Trading Stocks Using Moving Averages

Using Moving Averages When Trading Stocks

In the world of stocks and investing, one has many different tools at their disposal to try and make trading decisions. 

Some tools are quite simple while others can become quite complicated.

Some of the types of tools available include oscillators, volume studies, momentum indicators and trend identification tools such as moving averages.

Here we will outline the use of moving averages as they are one of the most popular indicators used.

What Exactly Are Moving Averages?

Moving averages are a mathematical indicator that smooth price data.

Moving averages are most commonly used to try and identify a trend within a market.

There are different types of moving averages that one can use such as simple or exponential.

Moving averages are the backbone of many other technical studies widely used today such as the MACD and Bollinger Bands.

It is important to note that moving averages are a lagging indicator and do not predict future market prices.

These indicators are used primarily to filter out a lot of the market "noise" to see if a trend exists.

How Are Moving Averages Set Up?

Moving averages can be used with many different settings.

One can use different time frames for smoothing data depending on what one's trading goals and time frame are.

Here we will look at some of the more popular settings for moving averages, and examine the 9 and 18 day moving average settings.

In addition, we will look at two different types of moving averages: Simple and exponential.

A simple moving average is the average price of a security over a specified time period.

Therefore, a 9 period moving average is the average price of that security over the last 9 trading days or periods.

Please note that closing prices are most often used for moving average calculations.

So, the 9 day simple moving average is simply the average of the last 9 trading days.

One should also note that any time frame may be used.

For example, if one is looking at a five minute chart of a stock, then the 9 period moving average will use the closing price values for the last 9 five minute bars or candles.

The 18 day or period simple moving average is calculated the same way except that the average of closing prices over 18 periods is taken rather than 9.

One can use any time frame that they like for this indicator such as 9,18,21,40,50 or 200.

Exponential moving averages are moving averages that reduce the lag effect by placing more weight on recent prices.

Calculating an exponential moving average is more complicated than a simple moving average.

The exponential moving average does begin with a simple moving average, however, it then applies a weighting multiplier.

One type of moving average is not necessarily better than the other.

An exponential moving average has less lag and will turn faster than a simple moving average while a simple moving average will give one a true average of prices over the specified time period.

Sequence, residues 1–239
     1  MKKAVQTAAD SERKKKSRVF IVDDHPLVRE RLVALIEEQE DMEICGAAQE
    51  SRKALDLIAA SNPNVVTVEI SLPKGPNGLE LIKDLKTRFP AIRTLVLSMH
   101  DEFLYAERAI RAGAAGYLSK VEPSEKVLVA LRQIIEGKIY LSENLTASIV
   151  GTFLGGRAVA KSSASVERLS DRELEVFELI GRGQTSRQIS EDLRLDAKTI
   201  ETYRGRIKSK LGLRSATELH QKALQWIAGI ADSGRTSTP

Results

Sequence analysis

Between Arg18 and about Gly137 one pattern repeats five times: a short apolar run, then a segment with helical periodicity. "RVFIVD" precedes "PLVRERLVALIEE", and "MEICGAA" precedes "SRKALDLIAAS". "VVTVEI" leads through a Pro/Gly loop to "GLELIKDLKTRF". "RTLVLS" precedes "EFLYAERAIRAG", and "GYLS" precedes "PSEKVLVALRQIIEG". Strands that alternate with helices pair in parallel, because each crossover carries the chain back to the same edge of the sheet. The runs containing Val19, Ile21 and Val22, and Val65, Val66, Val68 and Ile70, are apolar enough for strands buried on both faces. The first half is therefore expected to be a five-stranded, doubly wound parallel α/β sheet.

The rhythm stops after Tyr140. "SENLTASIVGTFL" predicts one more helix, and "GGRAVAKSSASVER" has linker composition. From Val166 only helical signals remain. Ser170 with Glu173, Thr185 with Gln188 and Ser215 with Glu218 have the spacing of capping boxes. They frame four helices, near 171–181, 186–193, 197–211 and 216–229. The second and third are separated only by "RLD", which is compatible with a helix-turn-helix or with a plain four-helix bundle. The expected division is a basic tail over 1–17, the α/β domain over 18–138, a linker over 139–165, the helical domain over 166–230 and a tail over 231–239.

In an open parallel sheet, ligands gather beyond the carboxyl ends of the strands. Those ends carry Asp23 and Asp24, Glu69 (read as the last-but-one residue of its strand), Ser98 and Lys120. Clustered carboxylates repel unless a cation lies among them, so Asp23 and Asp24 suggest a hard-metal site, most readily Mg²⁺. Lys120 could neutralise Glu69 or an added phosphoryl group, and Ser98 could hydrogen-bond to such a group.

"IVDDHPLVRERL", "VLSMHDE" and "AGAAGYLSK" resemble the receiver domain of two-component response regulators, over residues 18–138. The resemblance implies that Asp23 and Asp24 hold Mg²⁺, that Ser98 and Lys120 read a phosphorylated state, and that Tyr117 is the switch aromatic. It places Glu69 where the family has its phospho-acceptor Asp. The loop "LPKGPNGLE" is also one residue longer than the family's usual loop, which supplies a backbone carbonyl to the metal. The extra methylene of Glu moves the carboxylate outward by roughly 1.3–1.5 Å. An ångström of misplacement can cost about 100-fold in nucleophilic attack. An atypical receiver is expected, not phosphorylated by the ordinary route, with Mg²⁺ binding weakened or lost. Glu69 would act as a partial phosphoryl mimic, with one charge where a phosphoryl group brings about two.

The type of moving average used may depend on the trader's preference, market traded, time frame and other factors.

What Are Some Ways To Use Moving Averages?

Moving averages are primarily used to identify a trend within a market.

There are many different ways these indicators may be used.

Here we will outline two of the more common ways traders use these indicators:

Moving Average Crossovers -

Moving averages may sometimes be used to trigger trades based on crossovers.

For example, if one is using a 9 and an 18 day moving average, then one may take a buy signal when the 9 day average crosses over the 18.

Conversely, one may take a sell signal when the 9 day crosses below the 18.

The shorter-term moving average is used as the signal average.

When the short-term average crosses above or below a longer-term moving average, it may indicate that prices are trending in that direction and that momentum may be building.

One can use these crossovers for exit signals as well as entry signals.

Buying Pullbacks or Selling Rallies -

Another simple way to use a moving average is to enter a market in the direction of the trend on a pullback.

For example, one popular method is to buy a pullback to the 20 day moving average if the average is pointing up.

Conversely, one could sell a rally to the 20 day average if the average is pointing down.

These are some of the simpler ways these moving averages may be used.

There are numerous ways these moving averages may be used, and traders must get comfortable with whatever method they choose.

Option trades may be utilized as well as purchases or sales of the underlying.

For example, if one is looking to get long on a pullback to the 20 day moving average, then he or she may simply buy calls or call spreads or sell puts or put spreads rather than buying shares.

As with any other type of indicator or technical tool, moving averages are not a "Holy Grail."

These averages can be very useful in identifying a trend within a market and may also be useful for generating trade signals.

That being said, the more information one has when making a trading decision the better.

When one combines moving averages with other indicators or past support or resistance levels, the moving averages may potentially be even more powerful.

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